All three properties make Altinity.Cloud ideal for quick, cost-effective exploration and testing on large datasets. Quick learning in turn is crucial to get applications to market quickly with economical operation after deployment.

Getting started

Let’s commence by logging into the Altinity.Cloud management plane at https://acm.altinity.cloud/login. If you don’t have an Altinity.Cloud account, you can get one here.

Find your way to the Clusters panel. If you don’t have any clusters running it will look like the following picture.

Create a ClickHouse server with adequate capacity

Let’s start by creating a cluster with adequate capacity for our trillion row dataset. For initial development efforts I recommend keeping things simple and using a single server. In ClickHouse terms that means one shard with a single replica. The single server is faster and cheaper. Also, a trillion rows can fit on a single server in many cases! 

The first step is to start the LAUNCH CLUSTER wizard and fill in initial values. 
Here’s our first developer tip. Normally I would use the ClickHouse 22.3 LTS but there are a couple of performance bugs that affect loading and querying large datasets (including this and this; fixes are expected soon). For now it’s best to stick with 21.8.15 Altinity Stable.  Here’s the filled out screen.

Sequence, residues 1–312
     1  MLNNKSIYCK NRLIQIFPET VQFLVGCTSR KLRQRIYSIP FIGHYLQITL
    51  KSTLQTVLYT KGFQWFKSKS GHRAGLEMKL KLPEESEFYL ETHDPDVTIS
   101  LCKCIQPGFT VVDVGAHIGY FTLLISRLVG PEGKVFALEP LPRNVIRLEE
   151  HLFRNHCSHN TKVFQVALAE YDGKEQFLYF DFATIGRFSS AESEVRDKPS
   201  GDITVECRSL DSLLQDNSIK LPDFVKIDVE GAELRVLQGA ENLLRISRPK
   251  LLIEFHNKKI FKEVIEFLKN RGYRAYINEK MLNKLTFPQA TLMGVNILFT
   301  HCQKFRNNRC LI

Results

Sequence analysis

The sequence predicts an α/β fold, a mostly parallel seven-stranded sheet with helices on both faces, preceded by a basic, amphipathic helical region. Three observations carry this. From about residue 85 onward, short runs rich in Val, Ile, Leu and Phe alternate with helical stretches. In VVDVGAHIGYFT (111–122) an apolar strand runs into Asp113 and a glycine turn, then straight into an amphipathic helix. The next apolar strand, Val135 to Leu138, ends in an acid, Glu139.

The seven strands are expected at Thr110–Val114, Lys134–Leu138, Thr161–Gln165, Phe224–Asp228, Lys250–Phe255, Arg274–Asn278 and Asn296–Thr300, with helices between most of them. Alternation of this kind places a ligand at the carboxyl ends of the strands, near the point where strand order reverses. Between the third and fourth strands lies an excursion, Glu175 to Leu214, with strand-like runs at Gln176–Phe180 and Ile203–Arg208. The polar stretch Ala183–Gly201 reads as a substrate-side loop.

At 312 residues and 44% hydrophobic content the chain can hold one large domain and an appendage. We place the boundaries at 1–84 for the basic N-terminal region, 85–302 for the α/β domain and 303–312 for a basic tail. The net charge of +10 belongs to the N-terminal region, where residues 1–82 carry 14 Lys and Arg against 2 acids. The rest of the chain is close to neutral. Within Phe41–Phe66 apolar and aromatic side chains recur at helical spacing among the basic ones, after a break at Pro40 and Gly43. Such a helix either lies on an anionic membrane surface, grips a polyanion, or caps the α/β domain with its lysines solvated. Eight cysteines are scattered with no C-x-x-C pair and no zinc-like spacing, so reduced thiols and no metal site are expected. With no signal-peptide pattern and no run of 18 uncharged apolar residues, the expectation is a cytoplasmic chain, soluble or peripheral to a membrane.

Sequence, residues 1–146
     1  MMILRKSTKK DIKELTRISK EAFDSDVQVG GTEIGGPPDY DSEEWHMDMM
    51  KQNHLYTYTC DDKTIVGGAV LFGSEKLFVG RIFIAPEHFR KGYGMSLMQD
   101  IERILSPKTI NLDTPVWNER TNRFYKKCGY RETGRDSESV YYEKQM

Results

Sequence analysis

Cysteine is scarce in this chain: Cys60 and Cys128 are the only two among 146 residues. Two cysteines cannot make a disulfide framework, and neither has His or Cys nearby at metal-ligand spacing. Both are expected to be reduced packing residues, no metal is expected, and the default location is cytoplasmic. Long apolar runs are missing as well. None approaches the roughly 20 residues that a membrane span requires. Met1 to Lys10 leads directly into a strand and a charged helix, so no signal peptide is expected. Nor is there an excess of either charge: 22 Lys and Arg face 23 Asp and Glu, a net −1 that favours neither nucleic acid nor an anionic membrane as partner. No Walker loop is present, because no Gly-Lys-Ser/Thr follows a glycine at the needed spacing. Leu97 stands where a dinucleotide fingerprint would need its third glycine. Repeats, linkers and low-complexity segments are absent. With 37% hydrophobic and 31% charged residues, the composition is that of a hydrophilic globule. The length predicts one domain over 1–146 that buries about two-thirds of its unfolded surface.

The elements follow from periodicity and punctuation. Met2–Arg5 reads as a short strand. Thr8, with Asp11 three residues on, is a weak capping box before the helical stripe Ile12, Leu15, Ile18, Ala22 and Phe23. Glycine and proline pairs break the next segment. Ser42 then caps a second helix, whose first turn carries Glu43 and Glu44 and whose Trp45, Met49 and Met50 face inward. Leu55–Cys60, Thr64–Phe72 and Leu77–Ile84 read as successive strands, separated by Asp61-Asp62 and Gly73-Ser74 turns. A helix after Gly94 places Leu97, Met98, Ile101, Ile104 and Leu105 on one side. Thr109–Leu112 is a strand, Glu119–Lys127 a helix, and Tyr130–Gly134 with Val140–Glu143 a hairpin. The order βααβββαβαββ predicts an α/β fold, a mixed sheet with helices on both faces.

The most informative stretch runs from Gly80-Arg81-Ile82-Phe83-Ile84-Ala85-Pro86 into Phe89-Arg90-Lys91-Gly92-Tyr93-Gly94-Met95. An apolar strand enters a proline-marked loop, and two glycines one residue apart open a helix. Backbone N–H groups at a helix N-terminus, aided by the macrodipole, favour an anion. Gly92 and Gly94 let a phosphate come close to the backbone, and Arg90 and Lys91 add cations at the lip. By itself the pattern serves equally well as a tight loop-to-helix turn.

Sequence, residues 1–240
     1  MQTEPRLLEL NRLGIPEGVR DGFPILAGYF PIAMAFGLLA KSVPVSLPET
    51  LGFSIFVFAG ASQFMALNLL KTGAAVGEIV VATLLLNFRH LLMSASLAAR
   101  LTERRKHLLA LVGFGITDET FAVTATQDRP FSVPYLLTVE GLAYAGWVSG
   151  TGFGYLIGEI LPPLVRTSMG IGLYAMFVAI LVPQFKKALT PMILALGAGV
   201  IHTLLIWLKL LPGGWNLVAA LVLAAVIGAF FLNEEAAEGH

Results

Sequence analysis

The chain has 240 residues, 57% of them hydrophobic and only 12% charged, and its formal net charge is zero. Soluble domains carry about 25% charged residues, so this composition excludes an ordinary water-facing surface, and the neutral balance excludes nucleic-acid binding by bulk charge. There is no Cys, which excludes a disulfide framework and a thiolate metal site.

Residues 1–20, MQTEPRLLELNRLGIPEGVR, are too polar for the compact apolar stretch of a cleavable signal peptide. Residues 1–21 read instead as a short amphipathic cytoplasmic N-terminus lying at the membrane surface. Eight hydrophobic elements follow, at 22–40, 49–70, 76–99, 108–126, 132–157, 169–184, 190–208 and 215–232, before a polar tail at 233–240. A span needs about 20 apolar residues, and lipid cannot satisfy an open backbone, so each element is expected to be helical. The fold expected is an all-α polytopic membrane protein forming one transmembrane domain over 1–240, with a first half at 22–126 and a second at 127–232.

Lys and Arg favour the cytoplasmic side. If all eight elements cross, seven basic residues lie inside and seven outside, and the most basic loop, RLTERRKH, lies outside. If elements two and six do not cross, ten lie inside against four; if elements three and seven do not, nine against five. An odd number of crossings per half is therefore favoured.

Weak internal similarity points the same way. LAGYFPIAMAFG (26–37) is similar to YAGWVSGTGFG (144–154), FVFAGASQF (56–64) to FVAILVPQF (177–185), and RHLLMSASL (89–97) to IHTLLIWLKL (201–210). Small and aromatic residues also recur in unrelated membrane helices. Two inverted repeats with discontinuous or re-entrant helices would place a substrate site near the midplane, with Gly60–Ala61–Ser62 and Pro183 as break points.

Press NEXT to proceed to the next screen. 

Here, we’ll allocate resources. To work with a trillion row dataset, we need a large server instance, such as an AWS m5.8xlarge VM. Altinity.Cloud can be configured to allow larger instances, but this size is plenty for our purposes. 

You’ll notice that as you pick the instance size, Altinity.Cloud automatically adjusts the default storage size and number of volumes. The goal is to maximize I/O and keep an optimal ratio between RAM and storage size. You can adjust these to other values but for now we will go with the recommended default of 1.9 TB striped over 5 volumes. This will give us a read speed of 5 x 250 = 1250 MB/s on a large instance. 

If you need more storage later you can always scale up the size of allocated storage. However, you cannot take storage away, once it is allocated.